Ex-lawyer turned relationship coach

A Ray Of Hope

After George Floyd died of police brutality, thousands of people across the world took to the streets to vent their anger with Minneapolis police. A moving and understandable response, but also dangerous.

Although Floyd’s death was a blow to us all, we have to watch out that we don’t run into another strike from the coronavirus.

And with thousands of people marching together in droves, we may be setting ourselves up for a disaster.

Or so say the experts.

Skeptics seem to disagree.

A concern that’s often fired at the experts is, “Look at the numbers, coronavirus barely killed a fraction of the population. Self isolation is a joke.”

But that may be missing the point.

Yes, it’s true that the doomsday death wave didn’t happen. But who is to say that the isolation measures didn’t work?

This skepticism reminds me of the old Head & Shoulders commercials, where someone accidentally finds out their friend uses anti-dandruff shampoo.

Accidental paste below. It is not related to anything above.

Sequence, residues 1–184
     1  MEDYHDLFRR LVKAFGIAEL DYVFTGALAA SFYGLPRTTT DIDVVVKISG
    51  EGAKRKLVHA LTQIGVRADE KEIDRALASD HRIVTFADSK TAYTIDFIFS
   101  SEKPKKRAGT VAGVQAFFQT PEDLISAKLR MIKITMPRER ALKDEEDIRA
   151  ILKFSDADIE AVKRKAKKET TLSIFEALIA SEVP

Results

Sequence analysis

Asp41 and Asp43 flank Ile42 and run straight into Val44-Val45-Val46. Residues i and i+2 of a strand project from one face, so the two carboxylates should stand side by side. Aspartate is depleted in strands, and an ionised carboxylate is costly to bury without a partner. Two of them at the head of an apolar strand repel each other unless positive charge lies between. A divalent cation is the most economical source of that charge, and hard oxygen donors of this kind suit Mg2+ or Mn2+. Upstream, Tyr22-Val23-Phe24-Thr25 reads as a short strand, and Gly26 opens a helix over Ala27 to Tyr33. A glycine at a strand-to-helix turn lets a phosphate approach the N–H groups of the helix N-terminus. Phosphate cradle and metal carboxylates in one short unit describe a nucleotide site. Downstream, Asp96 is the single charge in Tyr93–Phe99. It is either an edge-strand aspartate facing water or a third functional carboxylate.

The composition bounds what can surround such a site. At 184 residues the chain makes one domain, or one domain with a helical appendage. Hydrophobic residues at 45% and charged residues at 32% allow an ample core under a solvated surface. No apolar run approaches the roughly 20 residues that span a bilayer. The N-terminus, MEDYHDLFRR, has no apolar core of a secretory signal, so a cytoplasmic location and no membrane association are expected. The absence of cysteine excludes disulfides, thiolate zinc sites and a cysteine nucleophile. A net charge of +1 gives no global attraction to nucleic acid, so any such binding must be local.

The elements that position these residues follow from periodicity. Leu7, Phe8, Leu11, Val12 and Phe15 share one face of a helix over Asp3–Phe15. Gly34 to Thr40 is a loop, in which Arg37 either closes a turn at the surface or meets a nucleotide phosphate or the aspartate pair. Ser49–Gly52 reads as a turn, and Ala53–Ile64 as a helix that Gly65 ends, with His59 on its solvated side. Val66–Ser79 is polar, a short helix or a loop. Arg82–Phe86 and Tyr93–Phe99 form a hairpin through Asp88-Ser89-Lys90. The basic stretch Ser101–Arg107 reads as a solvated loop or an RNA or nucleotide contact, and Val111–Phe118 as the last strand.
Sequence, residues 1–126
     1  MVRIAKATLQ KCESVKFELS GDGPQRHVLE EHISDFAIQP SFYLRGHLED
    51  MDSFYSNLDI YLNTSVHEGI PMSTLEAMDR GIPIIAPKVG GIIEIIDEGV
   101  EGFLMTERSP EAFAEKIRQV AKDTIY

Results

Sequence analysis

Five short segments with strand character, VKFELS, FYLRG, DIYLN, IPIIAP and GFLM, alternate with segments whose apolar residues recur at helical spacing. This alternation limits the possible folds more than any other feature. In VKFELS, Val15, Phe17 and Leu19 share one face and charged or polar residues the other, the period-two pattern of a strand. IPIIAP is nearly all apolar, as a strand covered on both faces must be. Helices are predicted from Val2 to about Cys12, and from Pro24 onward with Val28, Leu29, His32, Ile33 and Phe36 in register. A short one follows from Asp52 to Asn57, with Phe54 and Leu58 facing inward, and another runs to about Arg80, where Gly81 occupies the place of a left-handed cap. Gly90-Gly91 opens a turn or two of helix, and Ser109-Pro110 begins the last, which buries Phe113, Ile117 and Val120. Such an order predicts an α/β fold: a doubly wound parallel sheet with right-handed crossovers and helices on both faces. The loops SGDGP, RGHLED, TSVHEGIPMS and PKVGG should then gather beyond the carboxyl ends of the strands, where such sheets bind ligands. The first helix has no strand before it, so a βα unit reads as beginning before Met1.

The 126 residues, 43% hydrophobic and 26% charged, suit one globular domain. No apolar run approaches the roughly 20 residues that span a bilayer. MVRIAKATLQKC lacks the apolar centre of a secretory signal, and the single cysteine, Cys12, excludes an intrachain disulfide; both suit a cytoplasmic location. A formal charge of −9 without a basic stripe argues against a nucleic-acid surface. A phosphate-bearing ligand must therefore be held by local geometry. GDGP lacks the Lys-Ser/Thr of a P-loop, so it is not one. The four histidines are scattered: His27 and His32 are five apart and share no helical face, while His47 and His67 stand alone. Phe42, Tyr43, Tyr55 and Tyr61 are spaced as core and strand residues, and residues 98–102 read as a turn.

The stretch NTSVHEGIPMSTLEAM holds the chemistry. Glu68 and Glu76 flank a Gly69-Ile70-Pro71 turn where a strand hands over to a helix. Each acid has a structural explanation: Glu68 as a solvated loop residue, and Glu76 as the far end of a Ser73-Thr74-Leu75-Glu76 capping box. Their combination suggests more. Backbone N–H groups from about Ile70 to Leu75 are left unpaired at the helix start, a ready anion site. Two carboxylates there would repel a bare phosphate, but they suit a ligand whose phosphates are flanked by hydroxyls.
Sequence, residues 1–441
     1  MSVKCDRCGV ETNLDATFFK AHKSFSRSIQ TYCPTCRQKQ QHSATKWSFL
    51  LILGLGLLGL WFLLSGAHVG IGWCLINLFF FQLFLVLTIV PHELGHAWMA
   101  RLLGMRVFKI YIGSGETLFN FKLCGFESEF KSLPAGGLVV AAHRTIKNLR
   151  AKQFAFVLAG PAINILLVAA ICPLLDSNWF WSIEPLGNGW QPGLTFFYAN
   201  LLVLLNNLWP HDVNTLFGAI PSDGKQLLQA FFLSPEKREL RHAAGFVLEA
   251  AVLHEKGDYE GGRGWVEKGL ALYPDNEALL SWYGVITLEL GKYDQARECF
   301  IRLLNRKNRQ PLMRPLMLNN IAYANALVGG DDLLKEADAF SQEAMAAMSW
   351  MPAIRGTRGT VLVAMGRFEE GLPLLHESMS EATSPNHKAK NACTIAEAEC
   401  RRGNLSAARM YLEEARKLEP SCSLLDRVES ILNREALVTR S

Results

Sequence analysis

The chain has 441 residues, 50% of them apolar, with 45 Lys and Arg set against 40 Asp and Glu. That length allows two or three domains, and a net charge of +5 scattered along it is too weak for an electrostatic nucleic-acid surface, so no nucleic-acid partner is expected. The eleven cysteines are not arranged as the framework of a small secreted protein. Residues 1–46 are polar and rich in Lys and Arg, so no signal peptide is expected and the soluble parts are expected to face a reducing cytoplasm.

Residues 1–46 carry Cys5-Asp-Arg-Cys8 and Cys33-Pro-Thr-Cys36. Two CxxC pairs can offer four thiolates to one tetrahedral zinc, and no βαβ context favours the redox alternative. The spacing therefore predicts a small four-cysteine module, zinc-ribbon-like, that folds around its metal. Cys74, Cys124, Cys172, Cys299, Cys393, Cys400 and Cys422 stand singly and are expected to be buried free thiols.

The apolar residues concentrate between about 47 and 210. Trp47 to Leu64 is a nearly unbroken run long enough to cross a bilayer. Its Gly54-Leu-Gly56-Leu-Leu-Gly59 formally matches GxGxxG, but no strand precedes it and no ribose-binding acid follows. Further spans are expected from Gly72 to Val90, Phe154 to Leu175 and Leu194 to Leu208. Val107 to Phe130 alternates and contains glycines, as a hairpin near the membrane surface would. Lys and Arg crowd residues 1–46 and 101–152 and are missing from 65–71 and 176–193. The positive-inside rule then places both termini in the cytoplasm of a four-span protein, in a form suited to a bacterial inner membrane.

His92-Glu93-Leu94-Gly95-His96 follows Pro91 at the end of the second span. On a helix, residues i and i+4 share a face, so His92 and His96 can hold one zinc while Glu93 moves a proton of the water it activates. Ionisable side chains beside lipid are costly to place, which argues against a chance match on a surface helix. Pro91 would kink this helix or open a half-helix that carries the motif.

“Head and Shoulders? I didn’t know you have dandruff.” To which the friend replies, “I don’t.”

That said, not every protester takes coronavirus lightly. Some marched down the streets knowing full well they could be spreading the virus.

So why did they throw caution to the wind to fight against police violence?

Because statistics say that 1 in 1,000 black men and boys will die at the hands of police. Which almost matches the mortality rate of the measles—a contagious virus that has near constant public health surveillance and prevention.

So although the American activists will help corona spread, the protests may potentially save more lives than the virus will take. Let’s hope it does.

By Jeroen Elsing
Ex-lawyer turned relationship coach